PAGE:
With a little over a week left until Oregon holds its spring game, the Ducks continue to practice out of sight from the media and some concerns about positions battles remain.
One area that Oregon needs to address is the wide receiver position. Last season freshman De’Anthony Thomas was the team’s leading receiver, but he will need to play more running back this season to replace LaMichael James. Also, Oregon lost veteran receiver Lavasier Tuinei to graduation.
Junior Josh Huff had a disappointing season last year when having issues dropping the ball, but continued to show flashes of excellence. However, Huff was arrested last month for a DUI and it is unclear just how far into Head Coach Chip Kelly’s doghouse Huff is.
Walk-on receiver Justin Hoffman returns for the Ducks in 2012, but he is viewed more as a possession receiver that is a solid blocker and good for a catch now and then. He is not the deep threat that Oregon needs to stretch the field and open up the rest of the offense.
The solution to the problem was supposed to be the talented coalition of redshirt freshman. Devon Blackmon, BJ Kelley and Tacoi Sumler were all expected to battle one another for snaps this season, but all indications are that they are still learning and remain too inconsistent to earn the trust and approval of Kelly.
The answers may actually come from veteran receivers like Daryle Hawkins and Rahsaan Vaughn.
Hawkins was bounced back and forth between receiver and quarterback early in his career, but this may be the year that the junior takes off after settling in at the wide-out position. His speed combined with his size at 6’4 would be a huge plus for Oregon.
Vaughn, like Hawkins, saw some playing time last year but as the season went on he saw his role decline. However, he does have talent and experience and will likely be in the mix come September.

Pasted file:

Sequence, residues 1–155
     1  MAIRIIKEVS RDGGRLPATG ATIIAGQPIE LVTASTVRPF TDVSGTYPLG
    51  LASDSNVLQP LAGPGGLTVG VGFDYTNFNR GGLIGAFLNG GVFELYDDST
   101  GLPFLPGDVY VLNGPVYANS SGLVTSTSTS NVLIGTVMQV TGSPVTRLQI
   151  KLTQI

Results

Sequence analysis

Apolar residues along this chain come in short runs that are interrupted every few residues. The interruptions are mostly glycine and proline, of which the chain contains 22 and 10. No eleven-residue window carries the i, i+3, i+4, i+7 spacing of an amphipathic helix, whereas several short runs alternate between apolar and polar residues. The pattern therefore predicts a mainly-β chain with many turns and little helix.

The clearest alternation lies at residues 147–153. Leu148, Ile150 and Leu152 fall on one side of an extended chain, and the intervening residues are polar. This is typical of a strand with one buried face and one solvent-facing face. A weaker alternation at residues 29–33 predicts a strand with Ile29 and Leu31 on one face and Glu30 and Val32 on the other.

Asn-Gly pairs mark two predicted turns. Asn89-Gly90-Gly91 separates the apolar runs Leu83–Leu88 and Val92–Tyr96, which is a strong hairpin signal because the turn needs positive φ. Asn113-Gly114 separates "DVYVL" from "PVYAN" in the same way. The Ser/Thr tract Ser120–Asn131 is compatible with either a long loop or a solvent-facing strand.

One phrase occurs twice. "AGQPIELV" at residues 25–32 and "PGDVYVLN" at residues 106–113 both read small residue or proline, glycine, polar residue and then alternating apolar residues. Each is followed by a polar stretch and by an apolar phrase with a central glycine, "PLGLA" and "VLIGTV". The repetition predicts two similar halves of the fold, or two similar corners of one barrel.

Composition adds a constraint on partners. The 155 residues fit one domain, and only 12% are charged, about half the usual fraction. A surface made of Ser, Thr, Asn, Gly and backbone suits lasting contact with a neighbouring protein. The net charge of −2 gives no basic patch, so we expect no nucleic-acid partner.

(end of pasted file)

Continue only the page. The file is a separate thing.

There are other position battles raging at Oregon’s closed spring practices as well. While the defense is littered with experience and talent, the strong safety position is an area of interest after experienced veteran Eddie Pleasant graduated.
The Ducks have a log-jam of sorts at the position, but it is a good problem to have considering all of the players are very talented and they will be playing alongside experienced senior John Boyett, one of the top free safety’s in the nation.
Brian Jackson, Avery Patterson and Erick Dargan may be the favorites at this time. It is important to note that all three of these players will see action in Oregon’s defensive backfield come the fall, but consistency at that position is important.
Another area of interest is in the true freshmen that are working with the team in spring practice after arriving early in Eugene.
Arik Armstead, a highly touted defensive end, is an athletic freak and the thoughts of placing him opposite Dion Jordan would be unbelievable for the Ducks. However, Armstead is fresh out of high school and even though he seems to be picking it up fast, it is unlikely that he will make an elite impact this quickly.
The real impact may come from tight end Evan Bayliss. Indications are that he is learning the offense incredibly quickly and may see time on the field right away backing up sophomore Colt Lyerla.
Bayliss is a huge boost for Oregon because injuries have left the tight end position very thin heading into next season.
Lastly, the focus for most Duck fans remains on the quarterback competition.
Chip Kelly remains tight-lipped and hasn’t said either sophomore Bryan Bennett or freshman Marcus Mariota has the edge. However, reports indicated that Bennett, the more experienced player, is leading and is the favorite to be under center come September 1 for the season opener.
A lot remains unclear right now about Oregon, but following the spring game people should have a bit better idea of where things stand with a few of these battles.
About the Author
Written by Rob Parness
My name is Robbie Parness and I am a student at the University of Oregon. I'm a California native that loves to play, watch and talk about all kinds of sports. I would love to become a sports writer someday or work in sports in any capacity.